The Dickens Boy
In 1868, Edward Dickens, the tenth, ne’er-do-well child of the famous author, emigrates to Australia at age sixteen to learn the sheep business. Talk about great expectations and a name he can’t live up to: Everyone he meets seems to have memorized his father’s works and supposes he’s done the same, when, in fact, he’s never read a word.
From this ingenious premise, Keneally spins a delightful, often hilarious, wide-ranging coming-of-age novel. You have the usual themes, such as sexual awakening, learning to adjust abstract morals to real-life circumstances, and how to judge another person in his or her fullness, allowing for imperfections. To that, add what it means to be a family outcast in a country settled by outcasts.
Young Dickens adapts rapidly, perhaps conveniently, but you have to admire his insistence that he has none of his father’s gifts, which stands in for the wish to be taken as his own man. He has doubts about who that man is, but he derives warmth and satisfaction from people saluting his individuality—welcome to the democracy of the outback. Even when the story turns harsh, even murderous, kindness isn’t far away. That’s another theme, whether humans are innately evil with occasional good impulses, or good with occasional evil ones.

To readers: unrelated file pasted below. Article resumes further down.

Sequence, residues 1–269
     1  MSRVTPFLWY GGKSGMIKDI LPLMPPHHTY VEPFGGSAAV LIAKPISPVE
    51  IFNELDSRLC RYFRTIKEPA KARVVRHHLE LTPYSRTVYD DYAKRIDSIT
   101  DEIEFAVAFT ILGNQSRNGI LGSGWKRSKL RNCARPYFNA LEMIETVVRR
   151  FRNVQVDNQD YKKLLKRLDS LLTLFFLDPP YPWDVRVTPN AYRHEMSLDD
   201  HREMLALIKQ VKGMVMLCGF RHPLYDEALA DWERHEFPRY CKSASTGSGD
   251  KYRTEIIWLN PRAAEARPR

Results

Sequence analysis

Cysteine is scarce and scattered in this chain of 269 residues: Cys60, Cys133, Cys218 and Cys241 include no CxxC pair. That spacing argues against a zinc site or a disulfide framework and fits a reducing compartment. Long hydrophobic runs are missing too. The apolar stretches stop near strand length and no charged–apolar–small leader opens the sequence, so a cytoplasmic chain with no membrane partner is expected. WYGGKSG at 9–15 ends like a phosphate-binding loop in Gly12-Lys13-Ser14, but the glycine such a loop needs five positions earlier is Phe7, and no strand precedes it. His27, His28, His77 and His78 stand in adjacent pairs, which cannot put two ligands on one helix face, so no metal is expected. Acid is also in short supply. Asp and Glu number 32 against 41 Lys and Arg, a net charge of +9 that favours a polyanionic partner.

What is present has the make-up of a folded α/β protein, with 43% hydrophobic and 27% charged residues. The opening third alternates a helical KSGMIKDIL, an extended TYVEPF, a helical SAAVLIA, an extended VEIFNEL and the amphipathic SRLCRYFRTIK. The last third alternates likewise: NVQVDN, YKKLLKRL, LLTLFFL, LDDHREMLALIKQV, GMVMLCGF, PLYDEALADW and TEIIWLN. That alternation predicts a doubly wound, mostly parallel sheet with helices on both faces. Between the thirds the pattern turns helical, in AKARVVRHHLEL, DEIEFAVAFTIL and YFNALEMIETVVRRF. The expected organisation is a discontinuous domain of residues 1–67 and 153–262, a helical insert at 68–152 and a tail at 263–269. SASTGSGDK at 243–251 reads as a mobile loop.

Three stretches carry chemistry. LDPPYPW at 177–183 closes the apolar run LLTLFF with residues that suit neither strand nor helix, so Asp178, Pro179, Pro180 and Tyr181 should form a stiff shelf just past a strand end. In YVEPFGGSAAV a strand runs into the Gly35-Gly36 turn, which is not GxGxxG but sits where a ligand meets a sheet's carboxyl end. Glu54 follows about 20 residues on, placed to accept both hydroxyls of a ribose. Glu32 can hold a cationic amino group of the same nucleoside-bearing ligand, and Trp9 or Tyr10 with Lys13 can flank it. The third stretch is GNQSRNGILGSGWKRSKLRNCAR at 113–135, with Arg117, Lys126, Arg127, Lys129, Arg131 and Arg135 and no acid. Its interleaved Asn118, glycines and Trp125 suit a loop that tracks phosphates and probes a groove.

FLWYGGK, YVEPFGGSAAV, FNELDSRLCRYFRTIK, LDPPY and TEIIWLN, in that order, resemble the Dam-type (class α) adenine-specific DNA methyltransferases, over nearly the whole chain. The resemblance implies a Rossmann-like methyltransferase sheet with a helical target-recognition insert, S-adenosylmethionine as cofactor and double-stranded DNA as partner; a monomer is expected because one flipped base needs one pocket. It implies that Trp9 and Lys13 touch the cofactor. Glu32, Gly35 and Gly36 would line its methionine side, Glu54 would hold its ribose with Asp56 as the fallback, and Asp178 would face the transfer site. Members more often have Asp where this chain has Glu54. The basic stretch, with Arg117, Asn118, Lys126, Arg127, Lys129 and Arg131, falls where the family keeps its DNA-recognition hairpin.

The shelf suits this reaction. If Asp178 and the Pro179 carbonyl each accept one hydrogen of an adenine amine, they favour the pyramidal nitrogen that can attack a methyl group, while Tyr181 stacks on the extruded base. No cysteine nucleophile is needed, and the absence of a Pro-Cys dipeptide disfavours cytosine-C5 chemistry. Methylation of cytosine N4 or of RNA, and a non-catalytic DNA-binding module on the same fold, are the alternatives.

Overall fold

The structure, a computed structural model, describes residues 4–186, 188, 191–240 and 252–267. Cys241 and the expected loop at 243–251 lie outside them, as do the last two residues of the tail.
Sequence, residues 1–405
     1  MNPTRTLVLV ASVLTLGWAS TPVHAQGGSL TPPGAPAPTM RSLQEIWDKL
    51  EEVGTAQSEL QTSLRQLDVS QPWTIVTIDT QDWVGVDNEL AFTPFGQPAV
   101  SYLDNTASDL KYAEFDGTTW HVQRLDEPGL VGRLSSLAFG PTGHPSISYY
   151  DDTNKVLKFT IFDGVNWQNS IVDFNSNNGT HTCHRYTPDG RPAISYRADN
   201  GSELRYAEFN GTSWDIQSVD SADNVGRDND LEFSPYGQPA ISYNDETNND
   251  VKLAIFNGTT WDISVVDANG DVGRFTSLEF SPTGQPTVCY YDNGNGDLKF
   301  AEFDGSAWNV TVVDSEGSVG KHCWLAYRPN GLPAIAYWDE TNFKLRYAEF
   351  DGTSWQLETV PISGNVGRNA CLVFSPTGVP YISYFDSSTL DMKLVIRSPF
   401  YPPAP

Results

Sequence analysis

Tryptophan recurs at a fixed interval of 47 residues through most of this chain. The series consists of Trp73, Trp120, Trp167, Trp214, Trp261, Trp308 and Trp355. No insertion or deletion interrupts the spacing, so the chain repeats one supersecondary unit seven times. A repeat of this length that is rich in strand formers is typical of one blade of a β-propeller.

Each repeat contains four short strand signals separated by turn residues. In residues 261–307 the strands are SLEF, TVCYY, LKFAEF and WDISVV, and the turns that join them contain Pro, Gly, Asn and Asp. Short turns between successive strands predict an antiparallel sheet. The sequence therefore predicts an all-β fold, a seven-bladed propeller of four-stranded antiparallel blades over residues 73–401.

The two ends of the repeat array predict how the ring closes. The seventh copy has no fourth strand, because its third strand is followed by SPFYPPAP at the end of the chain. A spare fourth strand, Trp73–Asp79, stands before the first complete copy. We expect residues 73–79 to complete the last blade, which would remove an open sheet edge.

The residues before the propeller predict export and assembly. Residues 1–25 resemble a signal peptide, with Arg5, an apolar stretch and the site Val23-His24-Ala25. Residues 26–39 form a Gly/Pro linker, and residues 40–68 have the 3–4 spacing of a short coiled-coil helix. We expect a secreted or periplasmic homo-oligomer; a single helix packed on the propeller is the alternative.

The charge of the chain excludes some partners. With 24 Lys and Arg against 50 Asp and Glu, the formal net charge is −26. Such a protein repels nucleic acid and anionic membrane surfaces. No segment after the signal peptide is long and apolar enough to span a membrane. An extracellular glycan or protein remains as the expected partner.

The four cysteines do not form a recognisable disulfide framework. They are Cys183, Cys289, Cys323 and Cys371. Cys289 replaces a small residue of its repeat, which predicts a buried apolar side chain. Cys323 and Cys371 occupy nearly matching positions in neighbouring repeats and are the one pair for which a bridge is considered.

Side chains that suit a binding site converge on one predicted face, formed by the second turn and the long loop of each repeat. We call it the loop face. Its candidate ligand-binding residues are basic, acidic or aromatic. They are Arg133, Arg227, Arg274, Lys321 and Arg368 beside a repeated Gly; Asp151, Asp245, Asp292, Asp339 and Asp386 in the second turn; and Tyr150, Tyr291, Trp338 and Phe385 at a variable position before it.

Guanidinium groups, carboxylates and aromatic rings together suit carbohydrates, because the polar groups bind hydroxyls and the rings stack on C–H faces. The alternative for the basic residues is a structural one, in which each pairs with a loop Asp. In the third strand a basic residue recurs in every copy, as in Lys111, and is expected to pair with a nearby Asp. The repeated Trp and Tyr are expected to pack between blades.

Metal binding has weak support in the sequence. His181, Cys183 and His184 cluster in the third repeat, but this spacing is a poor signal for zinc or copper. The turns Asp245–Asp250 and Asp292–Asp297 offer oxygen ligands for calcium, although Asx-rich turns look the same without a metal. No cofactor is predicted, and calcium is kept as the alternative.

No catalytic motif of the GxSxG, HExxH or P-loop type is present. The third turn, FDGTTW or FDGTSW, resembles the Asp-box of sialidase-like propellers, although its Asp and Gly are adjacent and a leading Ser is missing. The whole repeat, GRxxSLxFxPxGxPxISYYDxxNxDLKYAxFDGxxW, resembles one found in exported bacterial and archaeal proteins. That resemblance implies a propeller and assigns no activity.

Keneally celebrates the frontier ethic, in which a person’s deeds and capabilities often, but not always, matter more than his or her birth. As such, you can pretty much tell the good guys from the bad guys without a scorecard, and they seldom do anything to challenge the judgment; perhaps that’s Dickensian too. However, laughter levels that broad-brush approach, with a theatrical tone that Dickens himself might have admired.
A few characters could have stood more nuance, but this is a thoroughly enjoyable novel. Highly recommended.